In contrast to an imported “monstrosity” (think of the recent Antonello monograph at the Abatellis or the Caravaggio from the Spier collection at the Syracuse Superintendency), this is an all-Sicilian exhibition, with loans (paintings, sculptures, drawings, coins, ceramics, etc.) from major regional museums and institutions (Abatellis, Bellomo, Regional Museum of Messina, Salinas, Pepoli, civic and diocesan museums, regional libraries, etc.) along with those from the Palatine Chapel, from which the detached fresco of the Madonna Odigitria also comes. To mention only a few, in addition to those that will be mentioned later: from the Gallery of Palazzo Abatellis come theSlabs with Arabic inscription in praise of Roger II from the Palace of Palermo (1130-1154) and the Ceiling Panel from the Royal Palace of Palermo (late 12th century); from the Superintendence of Palermo the tombstone with a quadrilingual inscription (1149) and that with a trilingual inscription (1153); from the Regional Museum of Messina the head of an apostle (12th-13th century), the crutch capital (12th century) and the capital and architrave with combat scenes (12th-13th century); from the Salinas Archaeological Museum coins of Norman coinage; from the Municipality of Mazara del Vallo the Pair of elephants in white marble (first half 12th century) and the pair of lions also in marble (12th century, first half), as well as a Pluteus (first half 12th century); from the Bellomo Gallery in Syracuse a marble basin , with animalistic decoration (12th century) and a small shelf (human protome), in carved marble (12th century); from the Curia of Monreale the two capitals of the canopy of the tomb of William I (second half 12th century); from the Griffo Museum in Agrigento a Pluteus, in marble with faced deer (early 12th century).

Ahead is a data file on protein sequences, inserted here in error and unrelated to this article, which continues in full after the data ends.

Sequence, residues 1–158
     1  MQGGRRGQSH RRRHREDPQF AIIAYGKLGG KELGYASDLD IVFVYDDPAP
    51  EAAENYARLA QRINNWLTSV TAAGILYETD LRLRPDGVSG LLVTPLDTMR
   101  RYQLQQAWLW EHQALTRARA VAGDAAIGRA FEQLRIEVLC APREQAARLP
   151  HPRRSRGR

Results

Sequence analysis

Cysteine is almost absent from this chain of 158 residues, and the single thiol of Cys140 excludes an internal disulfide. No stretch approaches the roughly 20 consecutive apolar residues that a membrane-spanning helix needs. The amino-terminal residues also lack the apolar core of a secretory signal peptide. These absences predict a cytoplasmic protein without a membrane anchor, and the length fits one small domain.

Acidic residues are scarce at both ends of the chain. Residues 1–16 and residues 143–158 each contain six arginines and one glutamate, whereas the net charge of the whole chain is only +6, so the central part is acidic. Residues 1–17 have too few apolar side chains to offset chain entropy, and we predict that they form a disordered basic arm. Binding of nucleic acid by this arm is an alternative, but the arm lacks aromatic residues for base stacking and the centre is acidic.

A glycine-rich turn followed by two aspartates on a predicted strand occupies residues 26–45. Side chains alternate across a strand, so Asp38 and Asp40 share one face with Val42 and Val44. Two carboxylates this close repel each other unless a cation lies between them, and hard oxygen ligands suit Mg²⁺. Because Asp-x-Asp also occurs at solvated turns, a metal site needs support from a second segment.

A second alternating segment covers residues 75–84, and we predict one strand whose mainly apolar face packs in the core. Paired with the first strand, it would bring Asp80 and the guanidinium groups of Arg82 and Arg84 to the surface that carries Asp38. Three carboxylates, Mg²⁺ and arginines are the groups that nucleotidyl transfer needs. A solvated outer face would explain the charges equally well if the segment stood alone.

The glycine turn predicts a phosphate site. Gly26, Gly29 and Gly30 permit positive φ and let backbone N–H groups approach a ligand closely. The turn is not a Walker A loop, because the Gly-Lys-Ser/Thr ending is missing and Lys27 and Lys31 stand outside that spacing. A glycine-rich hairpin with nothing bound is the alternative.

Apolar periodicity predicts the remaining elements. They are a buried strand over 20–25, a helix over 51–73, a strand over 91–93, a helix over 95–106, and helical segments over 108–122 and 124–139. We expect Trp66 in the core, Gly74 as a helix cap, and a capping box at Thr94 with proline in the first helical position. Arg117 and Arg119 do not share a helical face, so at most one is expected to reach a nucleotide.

Il soffitto della Cappella Palatina
The ceiling of the Palatine Chapel


Soffitto della Cappella Palatina dal ponteggio durante il restauro del 2005-2009. Ph. Credit Silvia Mazza
Ceiling of the Palatine Chapel from the scaffold during the 2005-2009 restoration. Ph. Credit Silvia Mazza


Odigitria da Calamauro (fine XII secolo; mosaico; Palermo, Galleria Regionale di Palazzo Abatellis)
Odigitria da Calamauro (late 12th century; mosaic; Palermo, Regional Gallery of Palazzo Abatellis)


Odigitria, dettaglio (XII secolo; affresco staccato; Palermo, Chiesa di Santa Maria delle Grazie)
Odigitria, detail (12th century; detached fresco; Palermo, Church of Santa Maria delle Grazie)


Lapide con iscrizione quadrilingue (1149; Palermo, Museo della Zisa)
Tombstone with quadrilingual inscription (1149; Palermo, Museo della Zisa)


Sezione della mostra con le due coppie di leoni marmorei al centro
Section of the exhibition with the two pairs of marble lions in the center

The Exhibition Sections

The large room that houses the exhibition is approached through a real “liminal” rite of passage from the outside, after passing through the monumental gate and through the “medieval tunnel,” an anti-urban structure, a decompression chamber from the space of everyday life and, at the same time, a homogeneous structure instead to the “other” space in which objects and works of art are subtracted from time. And here the catabasis ad inferos of the tunnel is converted into a cathartic ascent that transcends the physical limits set by the ephemeral setting: above, beyond the temporary walls and movable panels, surviving excerpts of the important cycles of wall paintings commissioned by Luigi Moncada in the 17th century from the most talented painters of the time re-emerge into view. Among these excerpts, the visitor’s attention is caught by the detailed scene of the Hall of the Sicilian Parliament (17th century), by Gerardo Astotino, with the throne reserved for the President and the benches for the three branches of Parliament. This is a refined staging direction that symbolically connects vertically the focus of the exhibition, the section devoted precisely to the “Castrum superius,” to the function of Europe’s oldest parliament.

To emphasize the centrality of this section in the visitor’s itinerary, dividing walls enucleate it from the rest of the exhibition area, conceived as an open space. It is accessed symbolically through the reproduction of the bronze doors of the Palatine Chapel framed by the Slabs with Arabic inscription in praise of Roger II (12th century), which in the same palace must have stood at the crowning of a door. They evoke the Arabic inscriptions in the Palatine Chapel, which exhibit a large repertoire of ad’iya (qualities or virtues required of God for the ruler). In the center of this space almost an invitation to a circumambulatio, that is, to turn in an apotropaic rite around the octagonal-plan support, like the “stars” of the ceiling of the Palatine Chapel, around the two pairs of lions from Mazara del Vallo and the Sala Ruggero of the same Palace. Never as on this occasion has the integrated ticket, exhibition and Chapel (full 10.00 euros, reduced 8.00), its own raison d’tre.